The Deacon's Bench

The Deacon's Bench

A first for Yale: a Divinity School scholarship for Catholics

And it’s named in honor of a prominent Catholic writer and teacher, and a favorite of The Bench:

A scholarship in honor of the late Henri Nouwen, who taught at Yale Divinity School for a decade beginning in 1971, has been established through a gift of $300,000 from a University benefactor who wishes to remain anonymous.

The Henri Nouwen Scholarship will be awarded annually to a deserving YDS student, with preference given to Roman Catholics–the first such scholarship to be created at YDS. For most of the past two decades Roman Catholics have represented the second-largest denominational grouping at YDS, after Episcopalians, although the entire student population remains overwhelmingly Protestant.


In announcing the Nouwen Scholarship, Harold Attridge, the Rev. Henry L. Slack Dean of Yale Divinity School, said, “As part of our efforts to improve the scholarship aid for our students generally we have recently made efforts to target segments of our student population that have not enjoyed designated support. One such group is our Roman Catholic students, who, ever since the 1960’s, have constituted a sizeable minority of our student body.”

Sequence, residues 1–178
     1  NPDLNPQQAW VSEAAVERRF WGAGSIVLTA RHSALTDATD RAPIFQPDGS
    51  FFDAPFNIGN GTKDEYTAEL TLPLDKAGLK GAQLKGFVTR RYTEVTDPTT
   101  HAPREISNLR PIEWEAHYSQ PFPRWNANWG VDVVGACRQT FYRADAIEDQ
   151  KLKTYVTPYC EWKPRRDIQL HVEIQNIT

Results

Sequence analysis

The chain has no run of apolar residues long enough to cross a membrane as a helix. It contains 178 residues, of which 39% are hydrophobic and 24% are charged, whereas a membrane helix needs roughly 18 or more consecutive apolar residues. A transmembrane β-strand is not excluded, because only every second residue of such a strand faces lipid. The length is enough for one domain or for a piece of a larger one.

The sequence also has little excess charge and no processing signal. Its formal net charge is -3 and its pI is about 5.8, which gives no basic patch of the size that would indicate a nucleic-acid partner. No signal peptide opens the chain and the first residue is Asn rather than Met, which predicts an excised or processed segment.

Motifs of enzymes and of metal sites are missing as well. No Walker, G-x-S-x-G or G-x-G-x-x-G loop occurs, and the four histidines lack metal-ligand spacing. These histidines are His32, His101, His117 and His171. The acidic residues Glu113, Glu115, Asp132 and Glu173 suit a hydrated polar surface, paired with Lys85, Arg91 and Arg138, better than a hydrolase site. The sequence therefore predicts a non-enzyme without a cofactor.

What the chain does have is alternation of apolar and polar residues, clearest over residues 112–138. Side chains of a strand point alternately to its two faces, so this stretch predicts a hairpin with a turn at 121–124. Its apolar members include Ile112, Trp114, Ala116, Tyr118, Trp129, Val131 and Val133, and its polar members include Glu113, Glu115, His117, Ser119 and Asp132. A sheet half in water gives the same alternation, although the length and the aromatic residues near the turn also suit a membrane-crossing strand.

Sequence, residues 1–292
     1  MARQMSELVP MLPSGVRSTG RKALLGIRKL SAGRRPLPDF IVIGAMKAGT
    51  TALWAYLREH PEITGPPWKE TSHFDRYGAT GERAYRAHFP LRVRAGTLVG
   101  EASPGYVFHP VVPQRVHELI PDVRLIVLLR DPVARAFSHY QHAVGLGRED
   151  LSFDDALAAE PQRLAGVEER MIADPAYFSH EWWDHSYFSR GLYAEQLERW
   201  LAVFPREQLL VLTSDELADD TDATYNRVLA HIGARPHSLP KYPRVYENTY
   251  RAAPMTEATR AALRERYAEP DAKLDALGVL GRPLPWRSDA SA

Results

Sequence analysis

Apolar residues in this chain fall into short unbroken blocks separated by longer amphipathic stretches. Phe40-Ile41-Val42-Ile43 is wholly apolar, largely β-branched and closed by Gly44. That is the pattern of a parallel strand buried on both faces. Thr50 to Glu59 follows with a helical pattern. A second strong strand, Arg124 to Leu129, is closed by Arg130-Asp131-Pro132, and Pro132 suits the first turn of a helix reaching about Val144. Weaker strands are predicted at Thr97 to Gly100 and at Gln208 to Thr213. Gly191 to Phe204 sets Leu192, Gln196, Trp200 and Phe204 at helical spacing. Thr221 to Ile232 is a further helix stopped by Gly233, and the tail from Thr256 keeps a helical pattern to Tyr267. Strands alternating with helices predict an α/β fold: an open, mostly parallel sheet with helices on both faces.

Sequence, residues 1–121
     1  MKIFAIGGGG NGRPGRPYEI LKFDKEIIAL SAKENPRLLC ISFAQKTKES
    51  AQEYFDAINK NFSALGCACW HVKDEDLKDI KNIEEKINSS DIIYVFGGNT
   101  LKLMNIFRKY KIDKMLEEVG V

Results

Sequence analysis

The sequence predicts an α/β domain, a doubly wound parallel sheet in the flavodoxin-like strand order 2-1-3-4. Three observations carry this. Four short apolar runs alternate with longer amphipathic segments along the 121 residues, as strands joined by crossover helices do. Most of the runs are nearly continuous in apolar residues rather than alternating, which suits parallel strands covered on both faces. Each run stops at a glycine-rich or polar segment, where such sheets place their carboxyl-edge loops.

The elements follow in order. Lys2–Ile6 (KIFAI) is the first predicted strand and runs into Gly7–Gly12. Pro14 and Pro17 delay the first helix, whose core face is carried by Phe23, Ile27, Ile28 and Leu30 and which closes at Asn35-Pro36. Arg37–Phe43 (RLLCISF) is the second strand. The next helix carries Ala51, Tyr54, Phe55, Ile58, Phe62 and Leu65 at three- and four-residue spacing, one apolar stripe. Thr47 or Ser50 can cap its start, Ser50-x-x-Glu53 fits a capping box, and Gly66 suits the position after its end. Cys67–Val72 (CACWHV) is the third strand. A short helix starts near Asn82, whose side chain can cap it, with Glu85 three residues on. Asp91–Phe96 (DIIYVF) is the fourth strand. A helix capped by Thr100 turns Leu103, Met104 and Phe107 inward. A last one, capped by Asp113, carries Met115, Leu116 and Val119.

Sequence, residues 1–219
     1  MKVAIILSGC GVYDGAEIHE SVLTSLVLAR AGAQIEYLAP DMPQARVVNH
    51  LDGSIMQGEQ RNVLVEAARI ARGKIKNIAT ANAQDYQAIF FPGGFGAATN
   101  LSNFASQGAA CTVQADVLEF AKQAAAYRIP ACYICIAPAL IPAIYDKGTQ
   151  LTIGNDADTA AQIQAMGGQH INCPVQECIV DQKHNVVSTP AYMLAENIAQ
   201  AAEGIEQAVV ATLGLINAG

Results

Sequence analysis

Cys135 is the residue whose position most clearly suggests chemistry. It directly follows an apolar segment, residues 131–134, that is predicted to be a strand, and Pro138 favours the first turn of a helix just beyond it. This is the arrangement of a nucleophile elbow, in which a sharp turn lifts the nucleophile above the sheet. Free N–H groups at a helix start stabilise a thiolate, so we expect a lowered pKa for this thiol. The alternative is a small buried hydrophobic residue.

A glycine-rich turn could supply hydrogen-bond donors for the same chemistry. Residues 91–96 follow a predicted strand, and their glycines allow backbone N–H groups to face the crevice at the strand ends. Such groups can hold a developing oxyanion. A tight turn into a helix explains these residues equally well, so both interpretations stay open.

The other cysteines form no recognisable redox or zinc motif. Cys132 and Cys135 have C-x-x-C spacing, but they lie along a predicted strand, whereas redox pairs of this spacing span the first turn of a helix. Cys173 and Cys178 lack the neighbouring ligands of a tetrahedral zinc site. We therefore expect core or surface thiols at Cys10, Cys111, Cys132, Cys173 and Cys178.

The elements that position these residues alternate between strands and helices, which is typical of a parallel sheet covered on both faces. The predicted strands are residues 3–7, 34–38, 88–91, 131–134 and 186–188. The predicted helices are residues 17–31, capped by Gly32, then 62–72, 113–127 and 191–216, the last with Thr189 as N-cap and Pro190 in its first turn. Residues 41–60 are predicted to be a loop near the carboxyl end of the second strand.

Attridge called Nouwen, a Catholic priest well known for his powerful celebrations of the Eucharist, “a beloved member of the YDS faculty.” The Henri Nouwen Chapel, located in the lower level of the YDS library, is named in his honor. In March 2007 the Divinity School hosted a special symposium celebrating the Nouwen legacy 10 years after his death.


Born in Holland and ordained a priest in 1957, the multifaceted Nouwen taught pastoral theology at Yale Divinity School from 1971 to 1981. A prolific writer–he wrote close to four dozen books–he is remembered for the many personal friendships he cultivated, his affinity to the poor and powerless, and his connections with the peace movement.

Check out more at the link.

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ron chandonia

posted August 3, 2010 at 9:53 pm

Many years ago, even before the days of his great fame, it was my pleasure to live in a religious community with Henri Nouwen. Back then, his masses were overflowing, and his admirers were legion. People loved to hear his words. But not so many wanted to follow his ideas to their logical conclusions–the conclusions that later led him to leave academic life and join L’Arche. His books–like the teachings of Jesus–call for radical change in our lives, like giving up worldly goods and demonstrating a real commitment to the needy. Few want to live like that.

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